Tape: 2 Story: 5 - Debbye Turner Bell describes her earliest childhood memories

Tape: 2 Story: 6 - Debbye Turner Bell describes home life, including her mother's taking in of mental health patients and Thursday night Bible study group

Tape: 2 Story: 7 - Debbye Turner Bell talks about competing for her mother's attention as a girl

Tape: 2 Story: 8 - Debbye Turner Bell describes the sights, sounds and smells of her childhood neighborhood in Jonesboro, Arkansas

Tape: 2 Story: 9 - Debbye Turner Bell talks about developing a relationship with her older sister after the death of their mother in 1990

Tape: 2 Story: 10 - Debbye Turner Bell describes her childhood personality

Tape: 2 Story: 11 - Debbye Turner Bell explains the unconventional spelling of her name

Tape: 2 Story: 12 - Debbye Turner Bell describes wanting to be a veterinarian and volunteering in a veterinary clinic

Tape: 3 Story: 1 - Debbye Turner Bell describes her houseful of pets

Tape: 3 Story: 2 - Debbye Turner Bell describes her grade school years in Jonesboro, Arkansas

Tape: 3 Story: 3 - Debbye Turner Bell describes growing up in a predominantly white neighborhood in Jonesboro, Arkansas

Tape: 3 Story: 4 - Debbye Turner Bell remembers discussing race and current events at home

Tape: 3 Story: 5 - Debbye Turner Bell talks about her racially integrated friend group

Tape: 3 Story: 6 - Debbye Turner Bell describes her experiences in both St. Paul A.M.E. Church and Carter Temple CME Church in Jonesboro, Arkansas

Tape: 3 Story: 7 - Debbye Turner Bell talks about her acceptance of Christianity and learning to read the Bible

Tape: 3 Story: 8 - Debbye Turner Bell describes how she first got involved in pageants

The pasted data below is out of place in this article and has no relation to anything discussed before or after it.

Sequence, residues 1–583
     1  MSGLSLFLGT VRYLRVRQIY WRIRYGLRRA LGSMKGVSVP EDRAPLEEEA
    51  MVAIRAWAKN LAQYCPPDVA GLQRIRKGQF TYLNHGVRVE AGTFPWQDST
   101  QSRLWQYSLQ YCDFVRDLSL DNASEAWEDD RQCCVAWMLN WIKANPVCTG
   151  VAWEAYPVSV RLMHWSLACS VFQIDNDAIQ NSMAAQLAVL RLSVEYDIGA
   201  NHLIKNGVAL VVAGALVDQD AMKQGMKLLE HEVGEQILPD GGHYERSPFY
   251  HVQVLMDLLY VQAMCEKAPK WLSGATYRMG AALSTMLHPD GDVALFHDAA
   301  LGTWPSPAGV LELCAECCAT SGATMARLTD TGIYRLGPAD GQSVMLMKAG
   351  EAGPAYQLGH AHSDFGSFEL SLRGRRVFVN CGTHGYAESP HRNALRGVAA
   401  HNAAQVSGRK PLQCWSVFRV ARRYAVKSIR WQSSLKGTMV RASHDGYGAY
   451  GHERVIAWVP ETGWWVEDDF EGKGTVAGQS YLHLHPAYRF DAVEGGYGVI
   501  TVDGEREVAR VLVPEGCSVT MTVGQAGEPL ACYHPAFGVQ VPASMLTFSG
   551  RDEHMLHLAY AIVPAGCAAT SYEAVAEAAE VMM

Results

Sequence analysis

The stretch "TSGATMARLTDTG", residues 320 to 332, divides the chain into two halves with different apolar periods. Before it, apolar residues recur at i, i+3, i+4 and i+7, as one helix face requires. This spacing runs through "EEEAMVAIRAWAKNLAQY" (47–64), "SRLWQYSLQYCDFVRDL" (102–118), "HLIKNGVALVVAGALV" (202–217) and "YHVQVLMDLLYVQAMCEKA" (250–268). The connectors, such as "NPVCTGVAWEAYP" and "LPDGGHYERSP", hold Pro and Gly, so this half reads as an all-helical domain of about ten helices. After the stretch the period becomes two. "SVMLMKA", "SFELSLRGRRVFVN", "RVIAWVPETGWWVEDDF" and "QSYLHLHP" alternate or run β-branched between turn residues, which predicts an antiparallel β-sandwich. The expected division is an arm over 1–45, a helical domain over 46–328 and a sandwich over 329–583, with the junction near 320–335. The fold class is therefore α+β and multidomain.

Tape: 3 Story: 9 - Debbye Turner Bell describes her experience in the Southern pageant circuit

Tape: 3 Story: 10 - Debbye Turner Bell describes entering the Miss Arkansas pageant three times and placing first runner-up twice

Tape: 4 Story: 1 - Debbye Turner Bell talks about Vanessa Williams winning the Miss America title in 1984

Tape: 4 Story: 2 - Debbye Turner Bell remembers the statement she made about her racial identity at her first press conference as Miss America

Tape: 4 Story: 3 - Debbye Turner Bell remembers an article written about her by HistoryMaker Lynn Norment for Ebony magazine

Tape: 4 Story: 4 - Debbye Turner Bell talks about being the first brown-skinned African American winner of the Miss America pageant

Tape: 4 Story: 5 - Debbye Turner Bell describes attempting to address a controversial statement she made at the Miss America press conference

Tape: 4 Story: 6 - Debbye Turner Bell talks about differences between Miss America and Miss USA and describes how she financed pageant competitions

Tape: 4 Story: 7 - Debbye Turner Bell talks about body type and typecasting in beauty pageants

Tape: 4 Story: 8 - Debbye Turner Bell describes the Miss America pageant scholarship prizes

Tape: 4 Story: 9 - Debbye Turner Bell describes differences in the contemporary Miss America pageant